Course Syllabus for "PSYCH403: Cultural Psychology"
Cultural Psychology reviews the cultural, community, and ecological factors that play a role in how people perceive their environment. It is the integration of the nature and nurture phenomenas, whereby an individual’s psyche is determined, or at least influenced, by both that individual’s culture and those other cultures to which the individual is exposed. This may include many layers and levels, such as those discussed by Bronfenbrenner’s ecological systems theory, including the microsystem, mesosystem, exosystem, macrosystem, and chronosystem. For example: On a small scale, it is easy to see how an individual living in New York City would encounter different psychosocial stressors than a person living on a farm in Iowa might. On a much larger scale, a person living in the United States may differ greatly, in cultural terms, from an individual living in China. It may be easy to tell that two cultures are different from one another, but identifying exactly what we mean—and all that is encompassed—when we speak about “culture” can be much more difficult. Culture can include everything from ancient religion, gender constructs, race/ethnicity, and regional differences, to the effect of new technologies or artistic movements. All of these aspects of culture can affect an individual’s psychology. It is salient to note that culture differs from individual to individual, because two people growing up in the same type of environment may internalize situations and environmental factors differently based upon their own makeup and past experiences of which they use to filter the new experiences. It is important to note that cultural psychology is a relatively new field of psychology and, as such, many questions in the field remain unanswered. And since psychology has largely developed out of a Western philosophical tradition, the information in the field is mostly from a Western (Western European and North American) cultural standpoint. The Diagnostic and Statistical Manual of Mental Disorders had begun to address this through culture-bound syndromes, although many of the other disorders have yet to address some cultural differences in the means in which a person may present with them or other cultural considerations. For example, hearing the voice of a person who has passed away may be considered a normal part of bereavement for some persons of Native American or Latino cultures, while other people may view it as abnormal and seek to label the patient/client as having depression with psychotic features or the like. The goal of this course is to investigate the ways in which culture can affect aspects of that individual’s psychology. We begin by reviewing the history and major theories of cultural psychology before moving on to a more in-depth examination of culture and its relationship to cognition, intelligence, emotion, motivation, and behavior. We end the course with a discussion of how human development and psychological disorders are affected by culture.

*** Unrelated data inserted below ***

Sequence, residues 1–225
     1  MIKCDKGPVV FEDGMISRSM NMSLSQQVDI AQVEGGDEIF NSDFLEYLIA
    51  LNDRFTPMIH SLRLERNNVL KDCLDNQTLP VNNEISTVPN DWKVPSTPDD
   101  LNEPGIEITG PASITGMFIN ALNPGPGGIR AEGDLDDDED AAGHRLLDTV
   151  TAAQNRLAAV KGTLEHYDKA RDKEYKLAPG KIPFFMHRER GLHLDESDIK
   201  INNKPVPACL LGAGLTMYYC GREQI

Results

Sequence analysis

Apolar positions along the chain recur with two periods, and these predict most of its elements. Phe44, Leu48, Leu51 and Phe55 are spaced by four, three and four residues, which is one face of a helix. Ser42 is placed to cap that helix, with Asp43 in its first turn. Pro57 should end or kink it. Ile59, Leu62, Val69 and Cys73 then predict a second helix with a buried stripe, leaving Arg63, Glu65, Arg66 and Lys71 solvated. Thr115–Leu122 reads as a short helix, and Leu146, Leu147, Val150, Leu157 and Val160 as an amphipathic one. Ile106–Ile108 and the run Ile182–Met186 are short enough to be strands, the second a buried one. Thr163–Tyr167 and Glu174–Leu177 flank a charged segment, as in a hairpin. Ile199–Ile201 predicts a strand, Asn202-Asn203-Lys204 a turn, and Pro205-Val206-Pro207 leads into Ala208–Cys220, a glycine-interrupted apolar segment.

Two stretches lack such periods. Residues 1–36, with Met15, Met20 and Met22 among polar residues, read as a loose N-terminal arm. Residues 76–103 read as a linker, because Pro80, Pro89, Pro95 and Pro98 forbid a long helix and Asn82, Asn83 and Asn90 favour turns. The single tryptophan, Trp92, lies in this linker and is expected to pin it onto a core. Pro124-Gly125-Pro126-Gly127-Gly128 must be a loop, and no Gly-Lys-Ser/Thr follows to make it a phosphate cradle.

Upon successful completion of this course, the student will be able to:
- Identify current trends in contemporary cultural psychology and compare and contrast these concepts with historical and empirical psychological theory.
- Compare and contrast variations in cognitive processes and expectations amongst cultures.